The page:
As one of the nation’s premier Alzheimer’s disease clinical research sites, UR Medicine is conducting numerous studies into experimental drugs that are designed to treat or prevent this devastating illness. According to the Alzheimer’s Association, more than five million American suffer from Alzheimer’s disease. That number is projected to grow to nearly 14 million people by the year 2050 unless significant progress is made in finding new treatments.
“Our study participants play an important role in fighting this disease. There is an urgent need for study volunteers, both with and without Alzheimer’s disease, in Rochester and across the nation,” Anton P. Porsteinsson, M.D., director of the University of Rochester’s Alzheimer’s Disease Care, Research, and Education (AD-CARE) program. “Other than funding, this is the greatest obstacle we have to treating, preventing, and curing Alzheimer’s disease.
The University is part of the nation’s leading Alzheimer’s disease study network, the Alzheimer’s Disease Cooperative Study (ADCS). The consortium is made up of 40 Steering Committee sites across the United States (including Rochester), as well another 30 national and international sites that participate when needed. Funded by millions of dollars from the National Institutes of Health and the private sector, the ADCS research focuses on advancing studies of interventions that might not otherwise be tested by industry.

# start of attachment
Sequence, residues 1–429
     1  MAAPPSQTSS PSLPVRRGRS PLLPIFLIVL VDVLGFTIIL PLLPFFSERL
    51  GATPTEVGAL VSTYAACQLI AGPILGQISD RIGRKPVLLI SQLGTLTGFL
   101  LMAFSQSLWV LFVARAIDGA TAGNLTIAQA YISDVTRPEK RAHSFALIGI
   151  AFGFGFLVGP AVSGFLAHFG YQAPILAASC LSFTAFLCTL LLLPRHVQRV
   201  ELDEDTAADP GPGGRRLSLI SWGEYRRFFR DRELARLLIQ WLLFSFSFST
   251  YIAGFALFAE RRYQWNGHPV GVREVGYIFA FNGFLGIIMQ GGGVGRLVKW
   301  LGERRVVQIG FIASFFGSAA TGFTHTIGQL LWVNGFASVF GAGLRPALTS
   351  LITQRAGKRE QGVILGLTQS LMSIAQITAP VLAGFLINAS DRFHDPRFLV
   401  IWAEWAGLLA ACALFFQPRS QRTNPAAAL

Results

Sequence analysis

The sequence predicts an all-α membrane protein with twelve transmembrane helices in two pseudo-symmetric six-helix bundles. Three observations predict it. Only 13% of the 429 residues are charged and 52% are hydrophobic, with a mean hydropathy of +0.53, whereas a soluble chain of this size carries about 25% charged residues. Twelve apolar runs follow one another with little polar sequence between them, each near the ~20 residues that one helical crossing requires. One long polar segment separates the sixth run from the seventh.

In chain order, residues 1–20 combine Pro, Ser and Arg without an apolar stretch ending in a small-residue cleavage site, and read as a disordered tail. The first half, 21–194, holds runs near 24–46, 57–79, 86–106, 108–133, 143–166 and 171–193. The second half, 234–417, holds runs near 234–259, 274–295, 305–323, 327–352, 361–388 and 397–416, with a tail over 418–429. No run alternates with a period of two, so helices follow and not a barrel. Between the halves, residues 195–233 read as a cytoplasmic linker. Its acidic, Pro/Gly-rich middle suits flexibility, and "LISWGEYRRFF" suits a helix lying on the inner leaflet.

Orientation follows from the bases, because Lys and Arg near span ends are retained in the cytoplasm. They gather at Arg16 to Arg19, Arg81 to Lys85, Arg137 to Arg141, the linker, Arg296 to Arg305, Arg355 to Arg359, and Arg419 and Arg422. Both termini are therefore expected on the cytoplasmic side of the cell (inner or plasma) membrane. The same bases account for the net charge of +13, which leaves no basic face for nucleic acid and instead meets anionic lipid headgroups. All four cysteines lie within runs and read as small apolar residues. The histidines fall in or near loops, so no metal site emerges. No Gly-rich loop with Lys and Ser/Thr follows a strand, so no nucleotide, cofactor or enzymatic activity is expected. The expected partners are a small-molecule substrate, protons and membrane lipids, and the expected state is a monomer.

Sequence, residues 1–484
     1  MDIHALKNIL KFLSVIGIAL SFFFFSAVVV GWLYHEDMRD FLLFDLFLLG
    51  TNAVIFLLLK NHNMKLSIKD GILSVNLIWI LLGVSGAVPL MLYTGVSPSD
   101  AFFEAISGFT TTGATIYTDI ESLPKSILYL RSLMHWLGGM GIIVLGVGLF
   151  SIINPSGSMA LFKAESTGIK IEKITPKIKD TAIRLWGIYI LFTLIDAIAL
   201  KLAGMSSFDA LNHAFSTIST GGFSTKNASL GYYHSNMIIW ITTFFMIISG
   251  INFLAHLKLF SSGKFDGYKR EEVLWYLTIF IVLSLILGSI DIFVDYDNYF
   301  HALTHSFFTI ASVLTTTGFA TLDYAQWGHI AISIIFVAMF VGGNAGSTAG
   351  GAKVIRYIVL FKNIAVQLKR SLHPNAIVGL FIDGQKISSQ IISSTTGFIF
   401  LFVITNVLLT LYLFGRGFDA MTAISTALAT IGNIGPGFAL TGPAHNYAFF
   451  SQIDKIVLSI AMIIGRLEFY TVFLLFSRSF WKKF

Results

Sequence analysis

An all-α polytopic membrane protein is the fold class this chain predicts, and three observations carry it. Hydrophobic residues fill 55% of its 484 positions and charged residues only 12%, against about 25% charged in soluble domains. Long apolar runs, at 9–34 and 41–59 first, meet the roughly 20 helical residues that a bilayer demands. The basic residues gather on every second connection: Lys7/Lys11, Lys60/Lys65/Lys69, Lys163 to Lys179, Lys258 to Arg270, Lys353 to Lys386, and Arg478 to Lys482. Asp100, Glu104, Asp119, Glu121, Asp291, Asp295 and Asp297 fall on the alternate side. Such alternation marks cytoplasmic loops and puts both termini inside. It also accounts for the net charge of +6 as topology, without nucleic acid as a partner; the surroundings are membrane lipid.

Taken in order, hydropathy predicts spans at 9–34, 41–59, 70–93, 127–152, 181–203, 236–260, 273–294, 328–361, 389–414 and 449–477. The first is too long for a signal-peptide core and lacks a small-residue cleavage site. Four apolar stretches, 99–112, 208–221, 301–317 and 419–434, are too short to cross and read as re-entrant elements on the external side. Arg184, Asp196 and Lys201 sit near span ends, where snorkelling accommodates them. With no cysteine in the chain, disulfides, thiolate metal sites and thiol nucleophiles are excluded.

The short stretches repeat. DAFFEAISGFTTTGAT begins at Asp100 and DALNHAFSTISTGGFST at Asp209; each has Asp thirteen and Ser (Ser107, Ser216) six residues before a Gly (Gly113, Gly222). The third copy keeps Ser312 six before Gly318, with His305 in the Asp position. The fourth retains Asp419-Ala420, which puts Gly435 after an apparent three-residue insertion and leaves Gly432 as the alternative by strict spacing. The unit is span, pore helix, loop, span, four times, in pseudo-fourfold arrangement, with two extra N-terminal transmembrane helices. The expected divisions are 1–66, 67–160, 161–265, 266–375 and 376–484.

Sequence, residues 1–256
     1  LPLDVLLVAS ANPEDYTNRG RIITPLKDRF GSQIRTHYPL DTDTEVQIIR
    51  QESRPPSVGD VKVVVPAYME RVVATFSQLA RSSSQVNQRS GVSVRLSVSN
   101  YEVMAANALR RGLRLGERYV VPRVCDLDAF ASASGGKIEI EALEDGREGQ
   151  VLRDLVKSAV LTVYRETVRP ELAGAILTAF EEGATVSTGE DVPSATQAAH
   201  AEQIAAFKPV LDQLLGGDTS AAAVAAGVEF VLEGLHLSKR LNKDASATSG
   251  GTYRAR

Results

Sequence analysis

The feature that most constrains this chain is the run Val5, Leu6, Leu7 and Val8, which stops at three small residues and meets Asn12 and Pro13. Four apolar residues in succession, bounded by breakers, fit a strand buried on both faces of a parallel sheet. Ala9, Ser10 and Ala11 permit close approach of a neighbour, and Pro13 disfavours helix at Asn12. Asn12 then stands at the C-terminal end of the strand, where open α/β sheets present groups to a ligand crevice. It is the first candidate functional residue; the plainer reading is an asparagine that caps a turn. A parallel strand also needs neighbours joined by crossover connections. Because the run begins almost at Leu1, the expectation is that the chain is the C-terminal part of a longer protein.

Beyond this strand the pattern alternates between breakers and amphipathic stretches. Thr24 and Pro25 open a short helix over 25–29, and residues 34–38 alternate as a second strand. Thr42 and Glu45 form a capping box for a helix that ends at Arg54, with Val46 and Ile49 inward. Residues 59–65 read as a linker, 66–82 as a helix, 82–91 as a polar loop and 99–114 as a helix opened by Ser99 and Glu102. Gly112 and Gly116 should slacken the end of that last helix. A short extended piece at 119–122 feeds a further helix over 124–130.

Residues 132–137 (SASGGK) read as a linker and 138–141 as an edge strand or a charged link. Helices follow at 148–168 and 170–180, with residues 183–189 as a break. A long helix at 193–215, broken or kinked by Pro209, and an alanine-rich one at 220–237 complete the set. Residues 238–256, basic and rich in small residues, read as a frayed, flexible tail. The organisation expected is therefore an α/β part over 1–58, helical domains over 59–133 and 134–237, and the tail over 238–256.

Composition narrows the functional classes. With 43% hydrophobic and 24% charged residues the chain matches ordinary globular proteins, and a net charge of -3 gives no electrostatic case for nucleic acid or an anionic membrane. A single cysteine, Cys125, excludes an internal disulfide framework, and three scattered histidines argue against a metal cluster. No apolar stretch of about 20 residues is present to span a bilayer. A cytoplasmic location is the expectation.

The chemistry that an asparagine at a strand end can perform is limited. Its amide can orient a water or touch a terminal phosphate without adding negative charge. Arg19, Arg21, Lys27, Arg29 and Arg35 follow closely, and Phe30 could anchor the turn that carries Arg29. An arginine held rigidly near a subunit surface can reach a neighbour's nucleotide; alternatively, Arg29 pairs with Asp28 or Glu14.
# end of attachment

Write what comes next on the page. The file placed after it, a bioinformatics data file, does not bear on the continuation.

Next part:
A small sampling of the clinical studies open to new participants in Rochester:
The A4 Trial – This is a first-of-its-kind study, examining a drug treatment that could prevent the memory loss associated with Alzheimer’s disease if given before a patient shows any signs of the illness. UR Medicine researchers are using a highly specialized PET scan to identify people who have brain changes that occur before the onset of Alzheimer’s symptoms. (The scan is unavailable in Rochester to anyone who is not part of the study.) Participants are between 65 and 85 years old and are at significant risk for Alzheimer’s, but have no outward signs of the disease. Some of the risk factors include a family history of Alzheimer’s, or a personal history of heart disease, diabetes, and stroke. In addition, Latinos and African-Americans face a higher risk than the general public.
The NOBLE Study – This study is evaluating an investigational drug that could improve memory in people who have mild to moderate Alzheimer’s disease.
The SNIFF Study – The purpose of the SNIFF study is to determine whether a type of insulin, when administered as a nasal spray, improves memory in adults diagnosed with mild memory impairment or probable Alzheimer’s disease.
For more information, please contact AD-CARE at (585)760-6550.
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